Back to theodicy and David's theories (The nature of a \'Creator\')

by dhw, Thursday, March 11, 2021, 09:28 (268 days ago) @ David Turell

DAVID: You can't get away from humanizing, while I try to avoid it every way I can, as you note. All I can tell is He obviously wanted us to appear.

dhw: If he exists, he obviously wanted the whole vast bush of life forms to appear.

DAVID: We can guess as to why, but let us remember it is all guesswork. I accept Him as the creator of reality without giving Him motives, and I am satisfied with that approach. You don't accept Him but want to know his motives. Strange. Does that help you at all in trying to find acceptance?

dhw: You don’t accept him without giving him motives, and that is the problem with your theory of evolution. Yes, it is all guesswork, and your guess is that he directly designed every single life form “AS PART OF THE GOAL OF EVOLVING [= designing] HUMANS”. A goal is a motive! That makes no sense, if 99% of life forms and their food supplies had no connection with humans. Then you harp on about your God’s purposefulness, but when asked what may have been his purpose in designing humans, you no longer want to discuss purposefulness. See below for more.

DAVID: Motives and purpose are reasons for action, and we have been guessing at them for going on 13 years. Nothing new has turned up except the knowledge of the biochemistry of life is becoming increasingly complex, demanding a designer.

I know what motives and purpose are. The case for design is not new, and I have accepted it for the sake of discussing your illogical theory above. You insist on your God having only one purpose, I have challenged your theory, and then you claim you don’t give him any purpose. I wish you would repeat the fact that you have no idea why your God would have chosen your version of his method to achieve your version of his purpose, and leave it at that.


DAVID: God does what He did for His reasons, at which we guess from studying His works. Your guesses always humanize Him.

dhw: See above re "humanize". Now please try to find a logical flaw in my “guesses”.

DAVID: There is a flaw in imagining a very humanized God and then saying your guesses are logical, since the initial premise is to humanize Him.

dhw: How can you discuss your God’s purpose for creating life and evolution, or the problem of theodicy, without attributing human thought patterns to him, and why do you find it illogical that a God who you think created us with all our human attributes should have none of those attributes himself, even though according to you he probably/possibly does have them? At other moments, you have speculated that he may want a relationship with us, and may want us to admire his works. Why are you now so coy about making such guesses, and yet so bold as to guess that he must have had “good” reasons for designing “bad” viruses and bacteria? And if you are certain that he enjoys creating, why is it illogical to suggest that he might create things in order to have something to enjoy? The diagnosis is double standards, Dr Turell, and the cure is a dose of open-minded logic. ;-)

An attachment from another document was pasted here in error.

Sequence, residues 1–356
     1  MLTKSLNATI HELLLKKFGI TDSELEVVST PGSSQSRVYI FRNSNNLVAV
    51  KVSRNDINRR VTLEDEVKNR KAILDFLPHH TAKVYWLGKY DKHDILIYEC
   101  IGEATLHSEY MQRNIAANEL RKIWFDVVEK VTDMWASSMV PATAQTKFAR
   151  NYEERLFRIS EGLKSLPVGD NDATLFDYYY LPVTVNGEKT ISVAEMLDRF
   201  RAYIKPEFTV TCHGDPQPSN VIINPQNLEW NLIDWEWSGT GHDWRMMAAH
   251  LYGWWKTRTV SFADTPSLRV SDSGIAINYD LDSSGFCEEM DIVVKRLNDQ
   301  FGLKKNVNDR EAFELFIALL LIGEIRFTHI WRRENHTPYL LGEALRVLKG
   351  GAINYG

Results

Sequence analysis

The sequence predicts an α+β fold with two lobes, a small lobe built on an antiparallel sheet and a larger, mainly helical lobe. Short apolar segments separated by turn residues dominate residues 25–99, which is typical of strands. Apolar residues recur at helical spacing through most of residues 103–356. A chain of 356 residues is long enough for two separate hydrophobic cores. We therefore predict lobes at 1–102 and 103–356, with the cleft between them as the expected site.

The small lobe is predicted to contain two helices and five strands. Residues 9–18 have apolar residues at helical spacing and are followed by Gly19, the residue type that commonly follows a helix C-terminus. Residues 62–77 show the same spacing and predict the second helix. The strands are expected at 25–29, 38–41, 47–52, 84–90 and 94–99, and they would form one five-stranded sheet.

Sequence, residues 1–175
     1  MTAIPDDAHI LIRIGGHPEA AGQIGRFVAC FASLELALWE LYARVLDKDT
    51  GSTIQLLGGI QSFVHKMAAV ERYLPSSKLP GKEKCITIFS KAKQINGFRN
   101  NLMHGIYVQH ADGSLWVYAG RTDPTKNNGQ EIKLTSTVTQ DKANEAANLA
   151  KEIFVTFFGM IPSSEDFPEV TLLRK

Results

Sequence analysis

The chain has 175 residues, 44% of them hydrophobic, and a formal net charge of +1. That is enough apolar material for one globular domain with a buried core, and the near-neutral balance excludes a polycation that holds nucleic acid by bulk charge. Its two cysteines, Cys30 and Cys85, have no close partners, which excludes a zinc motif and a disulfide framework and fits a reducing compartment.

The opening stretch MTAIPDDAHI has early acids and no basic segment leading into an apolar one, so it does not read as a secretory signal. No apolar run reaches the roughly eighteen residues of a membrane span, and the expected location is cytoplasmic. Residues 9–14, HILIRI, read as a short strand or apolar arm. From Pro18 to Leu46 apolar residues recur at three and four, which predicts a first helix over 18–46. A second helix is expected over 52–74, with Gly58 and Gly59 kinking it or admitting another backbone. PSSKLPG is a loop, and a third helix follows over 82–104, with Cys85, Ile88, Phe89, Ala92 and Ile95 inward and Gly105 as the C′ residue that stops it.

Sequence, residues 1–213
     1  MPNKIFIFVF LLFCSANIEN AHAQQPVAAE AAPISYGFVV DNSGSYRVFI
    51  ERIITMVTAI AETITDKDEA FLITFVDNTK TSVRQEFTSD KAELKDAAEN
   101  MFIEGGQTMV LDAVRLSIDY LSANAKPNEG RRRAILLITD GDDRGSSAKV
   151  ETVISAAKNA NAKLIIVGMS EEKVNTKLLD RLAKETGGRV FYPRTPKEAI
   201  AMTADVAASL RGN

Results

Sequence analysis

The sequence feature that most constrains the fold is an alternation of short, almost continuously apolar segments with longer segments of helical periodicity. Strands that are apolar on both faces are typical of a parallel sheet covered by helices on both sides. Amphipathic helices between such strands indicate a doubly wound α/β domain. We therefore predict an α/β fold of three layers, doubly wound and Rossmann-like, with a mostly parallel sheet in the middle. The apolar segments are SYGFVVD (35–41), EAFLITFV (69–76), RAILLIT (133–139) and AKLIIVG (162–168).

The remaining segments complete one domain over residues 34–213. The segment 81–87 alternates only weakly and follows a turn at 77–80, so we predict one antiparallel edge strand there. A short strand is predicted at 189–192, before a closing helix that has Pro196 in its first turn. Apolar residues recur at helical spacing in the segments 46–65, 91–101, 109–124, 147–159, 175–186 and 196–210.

DAVID: You have covered our history and the bold is pure humanizing. Our views of God are totally different.

Why is it OK for you to humanize him by telling us you are sure he enjoys creating and watches us with interest, but it is not OK for me to use the same terms to provide a possible motive for his actions? Double standards again.


QUOTE: It was fascinating to observe how such a serious genetic flaw as a chromosomal copy number error was ironed out by the baby but not by the placenta.

DAVID: Here again we see God saw need for error corrections and provided a mechanism.

And who created the errors in the first place? I know - you think your all-powerful, always-in-control God couldn’t design a system that would avoid such errors, including all those for which he did not provide a corrective mechanism. While we’re on the subject, why do you think he would have provided mechanisms for error correction?

DAVID: […] However, all viruses, manufactured or natural, come with a mutation ability given by God. […]

dhw: So if your God gave them the autonomous ability to change their simple structure, why could he not possiblY have given the same ability to less simple life forms?

DAVID: No difference in our views. Every complex organism can make simple adaptations.

So your God gave even complex organisms the autonomous ability to change their structure. How does that make it impossible for him to have given them the ability to make complex adaptations, even amounting to innovations (e.g. legs adapting themselves to life in the water and becoming flippers)?

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